A new study showing American trends and viewpoints regarding free speech, campus speech, religious liberty, and tolerance of political expression has been released by the Cato Institute. The scientific poll surveyed more than 2,500 U.S. adults and shows trends of both general Americans and college students.

Unsurprisingly, Americans say political correctness has silenced discussions that society needs to have. Only 28 percent of Americans believe that political correctness has done more to help people avoid offending others, while 71 percent find political correctness has had a negative impact on our nation’s civil discourse.

Most admit they have views that they’re afraid to share with others. Fifty-eight percent of Americans believe the political climate today prevents them from saying things they believe. While a slim majority, 53 percent, of Democrats do not feel the need to self-censor, strong majorities of Republicans, 73 percent, and independents, 58 percent, say they keep some political beliefs to themselves.

When it comes to college campuses, 66 percent of Americans believe they aren’t doing enough to teach their students about the value of free speech. In fact, 65 percent believe colleges should “expose students to all types of viewpoints, even if they are offensive or biased against certain groups.” Fifty-one percent of current college and graduate students tend to agree that more needs to be done.

The same amount, 51 percent, of current college and graduate students believe a person doesn’t deserve the right of free speech if they don’t respect other people — perhaps implying a value in civil discourse and a distaste for shouting others down.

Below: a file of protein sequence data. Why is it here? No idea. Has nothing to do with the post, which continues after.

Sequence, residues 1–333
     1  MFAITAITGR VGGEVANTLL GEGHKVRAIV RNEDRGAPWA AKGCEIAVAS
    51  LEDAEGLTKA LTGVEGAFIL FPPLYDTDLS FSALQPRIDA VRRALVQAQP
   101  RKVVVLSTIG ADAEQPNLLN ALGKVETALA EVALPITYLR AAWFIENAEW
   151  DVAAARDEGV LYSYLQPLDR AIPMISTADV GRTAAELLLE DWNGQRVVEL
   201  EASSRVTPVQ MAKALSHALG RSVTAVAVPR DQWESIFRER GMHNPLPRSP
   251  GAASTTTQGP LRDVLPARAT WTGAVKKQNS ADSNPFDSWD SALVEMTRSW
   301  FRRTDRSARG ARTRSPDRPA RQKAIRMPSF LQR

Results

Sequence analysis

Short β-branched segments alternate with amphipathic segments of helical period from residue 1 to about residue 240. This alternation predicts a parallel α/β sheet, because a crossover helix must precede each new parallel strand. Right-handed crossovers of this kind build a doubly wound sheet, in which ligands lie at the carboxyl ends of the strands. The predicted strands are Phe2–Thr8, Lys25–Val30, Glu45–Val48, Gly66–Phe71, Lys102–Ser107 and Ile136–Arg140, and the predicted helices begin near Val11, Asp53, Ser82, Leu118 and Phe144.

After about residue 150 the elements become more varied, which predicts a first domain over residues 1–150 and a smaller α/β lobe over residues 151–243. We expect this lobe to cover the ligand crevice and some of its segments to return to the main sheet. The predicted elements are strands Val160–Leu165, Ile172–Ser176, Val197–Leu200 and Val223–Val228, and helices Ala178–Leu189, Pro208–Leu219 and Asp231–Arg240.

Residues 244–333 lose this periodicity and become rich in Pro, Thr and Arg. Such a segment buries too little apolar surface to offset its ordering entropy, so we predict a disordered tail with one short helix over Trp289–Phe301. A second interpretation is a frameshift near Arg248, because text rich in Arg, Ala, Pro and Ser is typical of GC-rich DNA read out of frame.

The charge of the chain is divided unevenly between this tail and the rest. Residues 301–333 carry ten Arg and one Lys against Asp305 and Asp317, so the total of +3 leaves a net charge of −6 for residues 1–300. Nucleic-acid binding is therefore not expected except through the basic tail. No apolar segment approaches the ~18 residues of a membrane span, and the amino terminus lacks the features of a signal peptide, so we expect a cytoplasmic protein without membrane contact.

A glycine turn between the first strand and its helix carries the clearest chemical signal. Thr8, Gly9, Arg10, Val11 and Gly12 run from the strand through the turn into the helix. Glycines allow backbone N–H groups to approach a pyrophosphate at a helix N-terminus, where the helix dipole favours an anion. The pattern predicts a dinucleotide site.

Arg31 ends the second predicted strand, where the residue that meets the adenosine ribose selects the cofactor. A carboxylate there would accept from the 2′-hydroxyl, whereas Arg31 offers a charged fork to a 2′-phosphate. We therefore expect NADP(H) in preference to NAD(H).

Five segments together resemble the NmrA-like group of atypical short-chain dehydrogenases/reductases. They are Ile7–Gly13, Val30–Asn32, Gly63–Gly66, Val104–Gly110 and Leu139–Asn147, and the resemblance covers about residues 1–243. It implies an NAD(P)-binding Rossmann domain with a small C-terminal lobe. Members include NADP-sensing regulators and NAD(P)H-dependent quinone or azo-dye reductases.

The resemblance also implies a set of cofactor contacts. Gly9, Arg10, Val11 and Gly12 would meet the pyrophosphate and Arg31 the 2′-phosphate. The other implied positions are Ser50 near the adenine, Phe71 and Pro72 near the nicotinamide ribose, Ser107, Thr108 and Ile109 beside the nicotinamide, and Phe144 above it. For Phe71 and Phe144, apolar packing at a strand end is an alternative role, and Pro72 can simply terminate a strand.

Americans become less likely to support free speech as survey questioning moves from the abstract to the specific.

Cato reports, “An overwhelming share (81 percent) of respondents with college experience agree that campus speakers who advocate for violent protests shouldn’t be allowed to speak at their university. Nearly two-thirds (65 percent) oppose a speaker who would reveal the names and identities of unauthorized immigrants attending the college. A solid majority (57 percent) would also oppose allowing any speaker who says the Holocaust did not occur. About half would oppose allowing a speaker who says all white people are racist (51 percent), that Muslims shouldn’t be allowed to come to the U.S. (50 percent), that transgender people have a mental disorder (50 percent), or that gays and lesbians should receive conversion therapy (50 percent)."

This also extended to canceling a speaker who says all Christians are backward and brainwashed; publicly criticizes or disrespects the police; defends the police stopping African Americans at higher rates than other groups; suggests the average IQ of whites and Asians is higher than African Americans and Hispanics; all illegal immigrants should be deported; or that men, on average, are better at math than women.

In other words, approximately half of the country does not want a controversial or uncomfortable speech on campus. A greater amount of people does not want to see a speech turn physically violent.

The comprehensive survey also dives into how college students would hypothetically handle a racist speaker on their campus, how universities should discipline students who shut down invited speakers, whether Americans support a bias reporting system on campus, whether or not microaggressions are actually offensive to minorities, and if student newspapers should actually have freedom of the press. Some of the responses will surprise you.

The Washington Examiner’s Red Alert Politics section will continue to report in depth on this comprehensive study.